In the United States, close to 61,000 young people eat, sleep, and go to school in juvenile detention facilities, also known as “court schools”. The outlook of a young person’s quality of life once entering the juvenile system is stark. Once a young person comes into contact with the juvenile justice system, young people, age 16 and under, are 26% less likely to finish high school by the age of 19, once they are arrested and detained. 70% of the juvenile population will return to the juvenile justice system by 19. African American and Latino youth compose nearly 60% of the juvenile population currently detained, even though they compose less than 30% of the overall population.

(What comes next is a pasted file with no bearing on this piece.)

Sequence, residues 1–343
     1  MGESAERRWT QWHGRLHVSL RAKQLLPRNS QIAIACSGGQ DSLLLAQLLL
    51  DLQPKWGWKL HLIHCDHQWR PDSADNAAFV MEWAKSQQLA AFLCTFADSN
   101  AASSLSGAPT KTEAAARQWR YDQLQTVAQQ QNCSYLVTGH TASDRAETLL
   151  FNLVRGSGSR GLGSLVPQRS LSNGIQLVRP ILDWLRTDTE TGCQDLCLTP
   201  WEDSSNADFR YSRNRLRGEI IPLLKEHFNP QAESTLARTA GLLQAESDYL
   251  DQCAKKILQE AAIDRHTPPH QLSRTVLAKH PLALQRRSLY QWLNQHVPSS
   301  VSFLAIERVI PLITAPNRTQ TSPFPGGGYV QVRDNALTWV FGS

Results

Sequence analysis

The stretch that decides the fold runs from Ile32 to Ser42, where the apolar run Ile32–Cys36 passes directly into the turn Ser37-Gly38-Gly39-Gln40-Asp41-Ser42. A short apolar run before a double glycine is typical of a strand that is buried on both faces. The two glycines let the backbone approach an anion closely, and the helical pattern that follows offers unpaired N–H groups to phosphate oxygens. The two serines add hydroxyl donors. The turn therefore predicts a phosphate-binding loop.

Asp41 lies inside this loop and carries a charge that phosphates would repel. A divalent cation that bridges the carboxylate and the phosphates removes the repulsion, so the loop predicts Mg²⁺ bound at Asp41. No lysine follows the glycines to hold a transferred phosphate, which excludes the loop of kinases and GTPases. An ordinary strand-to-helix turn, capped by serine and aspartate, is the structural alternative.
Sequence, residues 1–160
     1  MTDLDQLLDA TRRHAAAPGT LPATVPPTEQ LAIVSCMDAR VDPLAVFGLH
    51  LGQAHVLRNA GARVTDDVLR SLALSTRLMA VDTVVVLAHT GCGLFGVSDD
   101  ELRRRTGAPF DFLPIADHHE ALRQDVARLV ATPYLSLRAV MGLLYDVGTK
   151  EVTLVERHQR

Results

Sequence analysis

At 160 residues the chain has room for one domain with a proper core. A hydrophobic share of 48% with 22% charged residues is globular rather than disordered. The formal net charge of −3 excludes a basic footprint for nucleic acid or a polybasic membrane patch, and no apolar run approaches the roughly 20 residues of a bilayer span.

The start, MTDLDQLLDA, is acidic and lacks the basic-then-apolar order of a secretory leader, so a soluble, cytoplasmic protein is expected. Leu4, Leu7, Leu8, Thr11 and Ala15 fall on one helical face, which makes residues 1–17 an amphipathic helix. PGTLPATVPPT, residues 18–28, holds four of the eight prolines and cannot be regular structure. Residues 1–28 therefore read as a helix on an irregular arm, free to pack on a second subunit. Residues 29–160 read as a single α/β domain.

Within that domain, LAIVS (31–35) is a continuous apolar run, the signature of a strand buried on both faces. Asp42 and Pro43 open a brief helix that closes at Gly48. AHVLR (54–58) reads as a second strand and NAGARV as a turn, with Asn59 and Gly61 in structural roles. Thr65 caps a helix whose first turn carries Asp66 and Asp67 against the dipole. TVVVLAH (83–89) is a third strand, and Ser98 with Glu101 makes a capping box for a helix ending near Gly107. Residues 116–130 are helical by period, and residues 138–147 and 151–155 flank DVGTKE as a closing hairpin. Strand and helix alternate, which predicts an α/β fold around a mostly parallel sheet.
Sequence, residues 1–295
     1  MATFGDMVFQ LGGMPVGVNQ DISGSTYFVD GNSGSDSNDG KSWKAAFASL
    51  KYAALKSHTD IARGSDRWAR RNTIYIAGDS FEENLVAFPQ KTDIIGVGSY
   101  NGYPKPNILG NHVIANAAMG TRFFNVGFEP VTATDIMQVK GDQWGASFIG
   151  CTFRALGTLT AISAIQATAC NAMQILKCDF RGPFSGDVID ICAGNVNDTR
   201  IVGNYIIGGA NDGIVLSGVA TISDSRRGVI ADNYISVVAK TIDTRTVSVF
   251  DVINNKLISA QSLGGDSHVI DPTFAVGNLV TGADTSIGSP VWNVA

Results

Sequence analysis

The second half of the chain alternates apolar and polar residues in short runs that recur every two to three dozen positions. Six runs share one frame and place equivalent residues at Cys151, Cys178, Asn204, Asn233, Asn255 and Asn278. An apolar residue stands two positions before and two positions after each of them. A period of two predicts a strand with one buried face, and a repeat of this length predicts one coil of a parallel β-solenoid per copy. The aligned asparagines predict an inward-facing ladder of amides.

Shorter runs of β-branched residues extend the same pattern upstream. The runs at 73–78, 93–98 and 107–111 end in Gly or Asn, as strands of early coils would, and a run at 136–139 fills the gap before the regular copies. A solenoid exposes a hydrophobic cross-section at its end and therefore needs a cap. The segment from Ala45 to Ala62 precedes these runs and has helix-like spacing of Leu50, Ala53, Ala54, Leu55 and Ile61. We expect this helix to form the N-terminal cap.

In this video, 19 year old Cristian, reflects on his time in the juvenile justice system. Suspended 50 times and expelled once throughout his elementary and secondary education, at 14, Cristian was arrested for second degree robbery and spent 2 months in San Mateo County Juvenile Hall. Cristian would return to juvenile hall for a total of 3 times, and was unable to graduate from high school. However, Cristian turned his chances around. Witness Cristian’s journey, and experience his perspective on the juvenile justice system’s “court school”.
A short film by Edgardo Antonio Jr.
Produced by New America Media with funding from Renaissance Journalism Center